Now there’s two ways to enjoy this great little book, I read some actual pages, and being a man that can barely speak my own first language of English, let alone a scrap of old Norse, it comes with a handy little guide at the beginning to some of the non-Latin letters that haven’t been used in our own language in 500 years (a little titbit I stole from the book, extra points for learning!). Plus, as an added bonus, the professor has added a few handy notes throughout, these are wonderfully entertaining and useful for what you’re reading. There is also a fantastic audio book version that has beautifully accurate and appropriate pronunciations which I would also urge you too check out if you want to make sure you get these perfectly correct, unlike my own butchered attempts when trying out some of my favourites to my magnificent little better half.

Here’s some of my favourites, and honestly this is only from the first half, there’s some beautiful pop culture references in here that had me chuckling.

If I die in battle today, please delete my browser history.

 Ef ek skylda falla í þessi orrustu, fyrirkom þú þá vefsǫgu minni.

Gods, is that the time? My wife will have me blood-eagled.

 Við guðin, es svá áliðit orðit? Kona mín mun rista mér blóðǫrn.

May the Force be with you.

Megi fjǫlkynngin fylgia yðr

I am the monster parents tell their children about at night.

Ek em skrímsl þat, es foreldrar kveða um til barna sinna á kvǫldin

What do you mean the Easter bunny isn’t real either?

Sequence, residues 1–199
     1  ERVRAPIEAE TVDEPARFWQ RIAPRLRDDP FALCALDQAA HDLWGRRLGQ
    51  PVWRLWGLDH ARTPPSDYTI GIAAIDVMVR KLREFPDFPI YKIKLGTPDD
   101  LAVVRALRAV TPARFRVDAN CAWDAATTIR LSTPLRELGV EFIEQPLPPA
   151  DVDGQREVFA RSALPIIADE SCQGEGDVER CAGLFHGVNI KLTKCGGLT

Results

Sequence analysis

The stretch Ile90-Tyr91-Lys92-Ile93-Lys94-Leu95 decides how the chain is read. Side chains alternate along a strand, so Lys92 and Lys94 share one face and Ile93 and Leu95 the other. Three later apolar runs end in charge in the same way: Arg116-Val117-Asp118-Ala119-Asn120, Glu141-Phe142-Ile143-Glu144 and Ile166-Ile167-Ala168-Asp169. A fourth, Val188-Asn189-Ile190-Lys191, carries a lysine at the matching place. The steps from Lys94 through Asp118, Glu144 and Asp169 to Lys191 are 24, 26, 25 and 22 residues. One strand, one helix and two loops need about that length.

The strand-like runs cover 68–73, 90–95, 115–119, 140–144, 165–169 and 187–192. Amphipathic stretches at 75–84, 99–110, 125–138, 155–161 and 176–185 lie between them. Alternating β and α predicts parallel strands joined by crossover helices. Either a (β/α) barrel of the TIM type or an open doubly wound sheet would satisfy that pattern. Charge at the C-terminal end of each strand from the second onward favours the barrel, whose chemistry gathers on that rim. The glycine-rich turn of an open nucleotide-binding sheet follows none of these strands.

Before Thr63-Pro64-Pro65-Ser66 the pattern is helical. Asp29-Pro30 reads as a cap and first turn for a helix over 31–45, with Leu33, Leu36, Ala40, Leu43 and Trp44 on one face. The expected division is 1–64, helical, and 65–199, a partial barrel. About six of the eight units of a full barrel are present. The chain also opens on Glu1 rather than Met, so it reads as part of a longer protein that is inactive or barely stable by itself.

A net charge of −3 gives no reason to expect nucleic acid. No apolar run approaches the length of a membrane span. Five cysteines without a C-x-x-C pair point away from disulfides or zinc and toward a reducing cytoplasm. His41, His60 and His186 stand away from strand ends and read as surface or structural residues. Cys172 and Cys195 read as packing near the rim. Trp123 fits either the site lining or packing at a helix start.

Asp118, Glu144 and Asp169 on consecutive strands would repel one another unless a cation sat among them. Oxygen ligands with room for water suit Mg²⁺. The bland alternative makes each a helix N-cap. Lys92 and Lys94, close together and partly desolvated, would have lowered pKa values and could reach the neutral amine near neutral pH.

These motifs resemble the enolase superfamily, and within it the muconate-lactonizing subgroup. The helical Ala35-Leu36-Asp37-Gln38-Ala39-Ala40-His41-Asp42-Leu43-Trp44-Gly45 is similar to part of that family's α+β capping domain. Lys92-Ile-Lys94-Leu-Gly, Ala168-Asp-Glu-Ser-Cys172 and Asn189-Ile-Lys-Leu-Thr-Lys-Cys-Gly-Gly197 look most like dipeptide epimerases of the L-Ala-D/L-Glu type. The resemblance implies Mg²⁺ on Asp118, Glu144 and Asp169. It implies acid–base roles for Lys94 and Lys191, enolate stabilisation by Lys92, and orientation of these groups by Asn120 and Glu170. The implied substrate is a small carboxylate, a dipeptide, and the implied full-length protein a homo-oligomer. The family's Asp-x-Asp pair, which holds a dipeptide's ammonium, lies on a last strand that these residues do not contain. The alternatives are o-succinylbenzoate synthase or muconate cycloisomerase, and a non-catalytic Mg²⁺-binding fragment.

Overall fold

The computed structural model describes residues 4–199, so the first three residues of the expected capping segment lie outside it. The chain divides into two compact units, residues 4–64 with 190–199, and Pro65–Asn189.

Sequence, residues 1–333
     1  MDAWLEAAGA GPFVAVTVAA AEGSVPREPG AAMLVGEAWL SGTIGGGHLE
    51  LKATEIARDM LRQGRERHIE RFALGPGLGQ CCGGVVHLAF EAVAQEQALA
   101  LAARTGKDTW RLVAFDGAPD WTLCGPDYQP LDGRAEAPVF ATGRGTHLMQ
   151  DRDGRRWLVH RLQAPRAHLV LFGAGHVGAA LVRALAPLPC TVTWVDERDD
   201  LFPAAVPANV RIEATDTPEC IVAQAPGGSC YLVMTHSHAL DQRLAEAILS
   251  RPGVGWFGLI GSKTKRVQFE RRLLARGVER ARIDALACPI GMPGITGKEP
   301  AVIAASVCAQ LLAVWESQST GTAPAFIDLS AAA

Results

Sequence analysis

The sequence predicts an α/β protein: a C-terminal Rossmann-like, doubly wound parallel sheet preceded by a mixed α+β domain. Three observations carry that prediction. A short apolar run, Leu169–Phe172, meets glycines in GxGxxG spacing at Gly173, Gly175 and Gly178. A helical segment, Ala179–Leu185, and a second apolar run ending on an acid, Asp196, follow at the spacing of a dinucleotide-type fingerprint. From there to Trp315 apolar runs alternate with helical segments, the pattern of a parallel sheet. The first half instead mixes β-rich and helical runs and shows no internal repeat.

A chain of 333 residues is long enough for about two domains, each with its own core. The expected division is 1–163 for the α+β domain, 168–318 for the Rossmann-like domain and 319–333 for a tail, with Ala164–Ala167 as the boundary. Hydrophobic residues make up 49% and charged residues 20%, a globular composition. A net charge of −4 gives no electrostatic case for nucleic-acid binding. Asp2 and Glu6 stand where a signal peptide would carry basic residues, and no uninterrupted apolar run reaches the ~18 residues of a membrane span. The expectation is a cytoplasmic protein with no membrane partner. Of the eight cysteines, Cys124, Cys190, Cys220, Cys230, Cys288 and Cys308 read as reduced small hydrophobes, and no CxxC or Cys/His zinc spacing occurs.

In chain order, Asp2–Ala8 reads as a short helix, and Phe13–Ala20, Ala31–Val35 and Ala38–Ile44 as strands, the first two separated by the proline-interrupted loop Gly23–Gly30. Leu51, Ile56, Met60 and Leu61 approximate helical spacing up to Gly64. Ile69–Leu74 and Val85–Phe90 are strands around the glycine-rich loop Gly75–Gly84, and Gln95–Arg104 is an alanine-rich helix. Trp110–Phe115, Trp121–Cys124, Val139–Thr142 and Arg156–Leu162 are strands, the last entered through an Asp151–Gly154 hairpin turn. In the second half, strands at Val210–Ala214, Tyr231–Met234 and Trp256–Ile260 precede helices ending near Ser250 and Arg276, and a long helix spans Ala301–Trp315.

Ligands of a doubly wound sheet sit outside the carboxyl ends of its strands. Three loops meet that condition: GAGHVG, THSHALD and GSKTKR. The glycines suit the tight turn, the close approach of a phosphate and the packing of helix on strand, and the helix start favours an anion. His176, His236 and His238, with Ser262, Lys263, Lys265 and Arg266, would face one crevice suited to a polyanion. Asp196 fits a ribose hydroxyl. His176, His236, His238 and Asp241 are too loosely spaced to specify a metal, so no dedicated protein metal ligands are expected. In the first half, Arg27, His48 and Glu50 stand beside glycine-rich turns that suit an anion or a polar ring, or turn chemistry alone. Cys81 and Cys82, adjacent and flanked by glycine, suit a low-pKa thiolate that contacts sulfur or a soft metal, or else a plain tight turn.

Ósvinnu mælir þú, at páskahérinn sé hugarburðr einn?

I used to be an adventurer like you, then I took an arrow to the knee.

 Vas ek víkingr sem þú, áðr ek fekk ǫr í knéð

After reading through this I found out Ian Stuart Sharpe has actually published a few other books and honestly, they sound amazing. One thing I really could feel through the small amount of writing I experienced, and the reviews of Sharpe’s other books, was the passion he has for this subject. The research and knowledge he’s poured into these books clearly shows and I can’t wait to read more of his writing. Sharpe’s VikingVerse is an alternate History where the Norse culture didn’t die out in favour of Christianity, the Vikings now rule the Stars and the Seas with their Restless Fleet, reviews calling it part history, part fantasy and part sci-fi, I call it a series I’ve quickly added to my TBR.

Old Norse is a fantastic quick little read, educational, and humorous, even if it’s not something quite up your alley it’s a perfect little gift for that friend you know that loves everything Norse, and if there’s one thing you can take away today, it’s that Viking helmets didn’t have horns.

Go buy this great little book.